Estate Planning Terms: Executive Bond Waivers
Once a person dies leaving behind property, someone has to take on the responsibility to manage that
property and then transfer it to new owners. This person, known as an administrator or an executor, has
a special duty to protect the estate property and to see the decedent's wishes are followed. To secure
against any possible mistakes or wrongdoing on the part of the executor, states often require the
executor to post a bond—a specific amount of money—so any damage caused can be repaid. In many
states the bond can be waived but only under specific circumstances. Talk to an attorney in your area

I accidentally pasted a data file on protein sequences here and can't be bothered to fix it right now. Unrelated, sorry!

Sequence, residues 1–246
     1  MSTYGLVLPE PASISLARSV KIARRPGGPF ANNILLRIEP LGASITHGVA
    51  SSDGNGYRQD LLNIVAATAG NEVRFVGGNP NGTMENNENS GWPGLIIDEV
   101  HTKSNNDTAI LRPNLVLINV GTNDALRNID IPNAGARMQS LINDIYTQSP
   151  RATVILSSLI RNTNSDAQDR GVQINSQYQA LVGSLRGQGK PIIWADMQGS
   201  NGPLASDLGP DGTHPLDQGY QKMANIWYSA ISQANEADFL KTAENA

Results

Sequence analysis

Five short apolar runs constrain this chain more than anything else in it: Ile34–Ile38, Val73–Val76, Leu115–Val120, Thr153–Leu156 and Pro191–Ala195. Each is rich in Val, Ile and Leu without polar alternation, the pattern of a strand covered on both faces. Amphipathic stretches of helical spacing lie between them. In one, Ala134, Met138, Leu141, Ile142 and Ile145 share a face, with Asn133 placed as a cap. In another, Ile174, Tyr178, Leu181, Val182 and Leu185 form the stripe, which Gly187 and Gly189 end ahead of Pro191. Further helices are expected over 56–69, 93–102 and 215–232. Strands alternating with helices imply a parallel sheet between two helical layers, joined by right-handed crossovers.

for state-specific advice about bond waivers.
Testamentary Waiver: A person who creates a Will, called a testator, gets to select who serves as his
or her executor. Testators can also choose to let the executor serve without having to post a bond. This
bond waiver is not required to create a Will, but without it the executor will usually have to post a
Voluntary Waiver: Executors may also be able to waive the bond requirements if they receive a
waiver agreement from the heirs or beneficiaries of the estate. If all the beneficiaries agree to the
waiver in writing, the executor can submit their agreement to the probate court and ask the court to
waive the bond requirements. This may not be possible in all states, so talk to an attorney.
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